Jenna Kutcher publishes a weekly podcast, numerous blogs as well as free (and paid) resources such as downloadable PDFs and webinars that aim to help others run their online businesses. In her content, she shares the lessons she learned along the way and interviews a slew of other professionals providing great advice in their respective fields.

Busy Phillips gained a lot of popularity over the recent years because of how she used Instagram Stories to basically share her life with her followers. She’s a great storyteller and an extremely likable person who gained so much popularity on Instagram it led her to her own late night talk show on E!.

The world is your oyster whether you want to be featured in online publications, interviewed on podcasts, conduct research or studies, create resources, run your own podcast or blog … It’s up to you as long as you’re contributing.

A word of caution

With this in mind, I want to point something out. Posting on Facebook just to post something twice a day isn’t contributing. What you put out has to have value whether you’re publishing something once a month or 10 times a day.

Yes, it has to be regular enough. You can’t conduct a single study on a relevant topic in your niche, call it a day and wait to reap the rewards of recognition. You shouldn’t be exhausting yourself either on the other spectrum.

Frankly, it’s why I’ve been missing so many articles over the last few months (for which I apologize, I’m trying to get ahead of it). I’d rather not post anything at all than to publish something just to keep up appearances. These blog posts take time and even though I know they are not perfect – I am a one-woman show after all – I try to put as much valuable information into them as possible. Unfortunately, that takes times and when I don’t have said time, I can’t publish.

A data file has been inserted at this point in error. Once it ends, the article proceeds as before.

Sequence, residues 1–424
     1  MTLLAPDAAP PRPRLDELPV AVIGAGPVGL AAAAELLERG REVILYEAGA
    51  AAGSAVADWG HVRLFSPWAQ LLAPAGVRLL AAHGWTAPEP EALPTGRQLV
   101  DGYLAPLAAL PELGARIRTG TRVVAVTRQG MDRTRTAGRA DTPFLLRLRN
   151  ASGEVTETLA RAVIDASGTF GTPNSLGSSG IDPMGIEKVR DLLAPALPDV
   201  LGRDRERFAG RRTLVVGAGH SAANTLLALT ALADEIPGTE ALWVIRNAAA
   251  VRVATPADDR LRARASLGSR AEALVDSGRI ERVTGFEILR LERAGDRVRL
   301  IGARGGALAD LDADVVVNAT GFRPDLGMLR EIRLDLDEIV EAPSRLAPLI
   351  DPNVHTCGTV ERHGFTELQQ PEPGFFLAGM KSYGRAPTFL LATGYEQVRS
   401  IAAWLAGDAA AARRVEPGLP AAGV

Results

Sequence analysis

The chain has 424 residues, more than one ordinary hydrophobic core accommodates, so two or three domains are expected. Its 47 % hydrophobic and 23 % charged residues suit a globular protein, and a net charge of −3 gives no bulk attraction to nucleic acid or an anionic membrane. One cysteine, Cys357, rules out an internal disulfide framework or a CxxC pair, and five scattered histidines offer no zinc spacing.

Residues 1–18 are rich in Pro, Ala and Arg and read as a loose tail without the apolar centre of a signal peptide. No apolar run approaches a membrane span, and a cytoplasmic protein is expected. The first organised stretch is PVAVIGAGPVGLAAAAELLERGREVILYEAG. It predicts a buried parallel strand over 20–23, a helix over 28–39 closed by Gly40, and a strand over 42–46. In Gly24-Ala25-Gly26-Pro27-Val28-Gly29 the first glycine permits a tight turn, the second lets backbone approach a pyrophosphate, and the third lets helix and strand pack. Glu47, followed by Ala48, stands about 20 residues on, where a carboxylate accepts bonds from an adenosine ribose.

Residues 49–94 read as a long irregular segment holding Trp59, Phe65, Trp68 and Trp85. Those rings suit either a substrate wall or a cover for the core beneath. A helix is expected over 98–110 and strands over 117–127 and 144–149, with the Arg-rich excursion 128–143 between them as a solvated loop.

As Chris Cancialosi advises, be patient to let the relationship with your audience grow and mature organically. Be honest and be authentic. Show that you value your audience and others and your social capital will grow before you know it.

Company culture has a big impact on social capital

The reasons companies like TOMS or entrepreneurs like Jenna Kutcher can be great contributors is because these people keep their teams accountable to their respective companies’ values. That’s because whether you’re a company of one or many, many more, it’s the people who work for the company that set the tone for how the company is viewed by the public. Providing value is easy if you’re encouraged to do it. That in itself is a whole other topic but the bottom line is this: courage your employees and contractors to act in a compassionate, genuine and valued-filled ways with others on behalf of your company. Without it, it’s going to be difficult to build social capital for your company.

The takeaway

The secret to building a wealth of social capital is to contribute to your niche, cause or industry. It’s to strive to be a company that’s seen as genuine, helpful and valuable by your audience. Take the time to invest in relationships on behalf of your company. Doing this takes time and dedication but can be an invaluable asset in growing your company beyond your wildest expectations.